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COMMUNITY, IMMUNITY, BIOPOLITICS

COMMUNITY, IMMUNITY, BIOPOLITICS AbstractIn this article, Roberto Esposito lays out the genealogical pathways linking the three major concepts around which his most recent work has wound its way: community, immunity, and biopolitics. Although immunity is necessary to the preservation of our life, when driven beyond a certain threshold it forces life into a sort of cage where not only our freedom gets lost but also the very meaning of our existence – that opening of existence outside itself that takes the name of communitas. A hermeneutics informed by immunity can allow the category of community to regain a new political significance, without ending up in a substantialist metaphysics. This task is dictated by the urgent need for an affirmative biopolitics – a horizon of meaning – in which life would no longer be the object but somehow the subject of politics. But what sort of shape would this take? Where would we trace its symptoms? And with what objectives? A preliminary answer focuses on breaking the vise grip between public and private that threatens to crush the common, by seeking instead to expand the space of the common, in the fight, for example, against the planned privatization of water and the battle over energy sources. http://www.deepdyve.com/assets/images/DeepDyve-Logo-lg.png Angelaki: Journal of Theoretical Humanities Taylor & Francis

COMMUNITY, IMMUNITY, BIOPOLITICS

COMMUNITY, IMMUNITY, BIOPOLITICS

Angelaki: Journal of Theoretical Humanities , Volume 18 (3): 8 – Sep 1, 2013

Abstract

AbstractIn this article, Roberto Esposito lays out the genealogical pathways linking the three major concepts around which his most recent work has wound its way: community, immunity, and biopolitics. Although immunity is necessary to the preservation of our life, when driven beyond a certain threshold it forces life into a sort of cage where not only our freedom gets lost but also the very meaning of our existence – that opening of existence outside itself that takes the name of communitas. A hermeneutics informed by immunity can allow the category of community to regain a new political significance, without ending up in a substantialist metaphysics. This task is dictated by the urgent need for an affirmative biopolitics – a horizon of meaning – in which life would no longer be the object but somehow the subject of politics. But what sort of shape would this take? Where would we trace its symptoms? And with what objectives? A preliminary answer focuses on breaking the vise grip between public and private that threatens to crush the common, by seeking instead to expand the space of the common, in the fight, for example, against the planned privatization of water and the battle over energy sources.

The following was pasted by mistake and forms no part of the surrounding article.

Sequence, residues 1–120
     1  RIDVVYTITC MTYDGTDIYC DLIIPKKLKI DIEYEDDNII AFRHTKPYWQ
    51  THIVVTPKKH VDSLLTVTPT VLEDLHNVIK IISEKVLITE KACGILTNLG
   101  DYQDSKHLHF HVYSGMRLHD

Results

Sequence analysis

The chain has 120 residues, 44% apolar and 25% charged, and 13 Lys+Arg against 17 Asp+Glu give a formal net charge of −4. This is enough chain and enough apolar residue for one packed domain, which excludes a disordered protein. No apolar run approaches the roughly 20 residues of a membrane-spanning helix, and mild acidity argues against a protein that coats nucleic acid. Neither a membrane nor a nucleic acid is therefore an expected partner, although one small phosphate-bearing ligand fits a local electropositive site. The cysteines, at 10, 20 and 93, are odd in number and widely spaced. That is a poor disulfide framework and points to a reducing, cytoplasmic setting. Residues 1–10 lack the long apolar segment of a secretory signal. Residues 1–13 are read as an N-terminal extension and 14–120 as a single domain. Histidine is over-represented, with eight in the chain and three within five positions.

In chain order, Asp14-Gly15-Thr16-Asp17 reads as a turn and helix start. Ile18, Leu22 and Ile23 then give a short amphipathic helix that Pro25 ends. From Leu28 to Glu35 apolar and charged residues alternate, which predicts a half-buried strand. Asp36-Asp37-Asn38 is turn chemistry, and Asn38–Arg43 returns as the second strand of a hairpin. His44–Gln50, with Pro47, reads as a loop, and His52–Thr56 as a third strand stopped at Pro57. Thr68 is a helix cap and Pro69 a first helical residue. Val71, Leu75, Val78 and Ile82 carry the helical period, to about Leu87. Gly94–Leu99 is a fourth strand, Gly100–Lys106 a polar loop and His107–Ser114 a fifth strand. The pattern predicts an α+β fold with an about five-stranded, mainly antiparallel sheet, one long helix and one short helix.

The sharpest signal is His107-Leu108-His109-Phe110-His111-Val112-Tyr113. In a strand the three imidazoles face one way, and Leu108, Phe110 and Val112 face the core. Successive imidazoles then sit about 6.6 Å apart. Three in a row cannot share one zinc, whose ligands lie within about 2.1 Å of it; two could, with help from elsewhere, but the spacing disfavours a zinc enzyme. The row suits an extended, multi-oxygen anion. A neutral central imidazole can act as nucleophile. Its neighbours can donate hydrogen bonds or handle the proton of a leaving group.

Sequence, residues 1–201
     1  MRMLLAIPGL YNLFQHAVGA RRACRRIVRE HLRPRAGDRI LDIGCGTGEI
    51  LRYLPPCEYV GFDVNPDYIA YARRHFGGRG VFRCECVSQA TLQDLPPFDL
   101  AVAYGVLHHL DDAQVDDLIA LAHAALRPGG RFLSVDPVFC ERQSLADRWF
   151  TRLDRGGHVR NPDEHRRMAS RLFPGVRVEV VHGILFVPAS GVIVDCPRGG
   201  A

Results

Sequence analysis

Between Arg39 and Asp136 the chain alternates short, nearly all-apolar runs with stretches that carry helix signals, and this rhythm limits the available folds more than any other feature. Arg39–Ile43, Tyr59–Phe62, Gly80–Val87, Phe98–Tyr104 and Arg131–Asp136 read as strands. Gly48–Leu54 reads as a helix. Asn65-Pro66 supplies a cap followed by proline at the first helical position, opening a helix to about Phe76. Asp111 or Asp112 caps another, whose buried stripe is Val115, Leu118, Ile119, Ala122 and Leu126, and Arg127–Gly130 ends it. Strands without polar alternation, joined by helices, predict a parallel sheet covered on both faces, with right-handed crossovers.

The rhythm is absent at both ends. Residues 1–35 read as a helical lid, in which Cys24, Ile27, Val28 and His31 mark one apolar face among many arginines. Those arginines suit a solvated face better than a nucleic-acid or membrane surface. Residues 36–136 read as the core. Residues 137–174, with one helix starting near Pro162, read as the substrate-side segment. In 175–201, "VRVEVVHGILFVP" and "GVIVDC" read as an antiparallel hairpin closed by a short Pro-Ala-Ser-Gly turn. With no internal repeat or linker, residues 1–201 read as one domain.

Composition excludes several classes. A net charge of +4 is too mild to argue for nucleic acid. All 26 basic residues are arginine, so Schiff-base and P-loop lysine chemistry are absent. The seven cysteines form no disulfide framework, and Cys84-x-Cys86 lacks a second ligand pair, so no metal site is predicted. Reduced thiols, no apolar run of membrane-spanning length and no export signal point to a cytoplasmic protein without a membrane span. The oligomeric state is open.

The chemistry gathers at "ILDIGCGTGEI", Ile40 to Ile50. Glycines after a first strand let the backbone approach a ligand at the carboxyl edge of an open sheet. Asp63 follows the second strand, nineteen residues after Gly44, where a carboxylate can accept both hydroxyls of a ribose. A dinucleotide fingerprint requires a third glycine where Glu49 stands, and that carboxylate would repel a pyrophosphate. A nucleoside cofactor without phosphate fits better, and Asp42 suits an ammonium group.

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Publisher
Taylor & Francis
Copyright
© 2013 Taylor & Francis
ISSN
1469-2899
eISSN
0969-725X
DOI
10.1080/0969725X.2013.834666
Publisher site
See Article on Publisher Site

Abstract

AbstractIn this article, Roberto Esposito lays out the genealogical pathways linking the three major concepts around which his most recent work has wound its way: community, immunity, and biopolitics. Although immunity is necessary to the preservation of our life, when driven beyond a certain threshold it forces life into a sort of cage where not only our freedom gets lost but also the very meaning of our existence – that opening of existence outside itself that takes the name of communitas. A hermeneutics informed by immunity can allow the category of community to regain a new political significance, without ending up in a substantialist metaphysics. This task is dictated by the urgent need for an affirmative biopolitics – a horizon of meaning – in which life would no longer be the object but somehow the subject of politics. But what sort of shape would this take? Where would we trace its symptoms? And with what objectives? A preliminary answer focuses on breaking the vise grip between public and private that threatens to crush the common, by seeking instead to expand the space of the common, in the fight, for example, against the planned privatization of water and the battle over energy sources.

Journal

Angelaki: Journal of Theoretical HumanitiesTaylor & Francis

Published: Sep 1, 2013

Keywords: community; immunity; biopolitics; Esposito

There are no references for this article.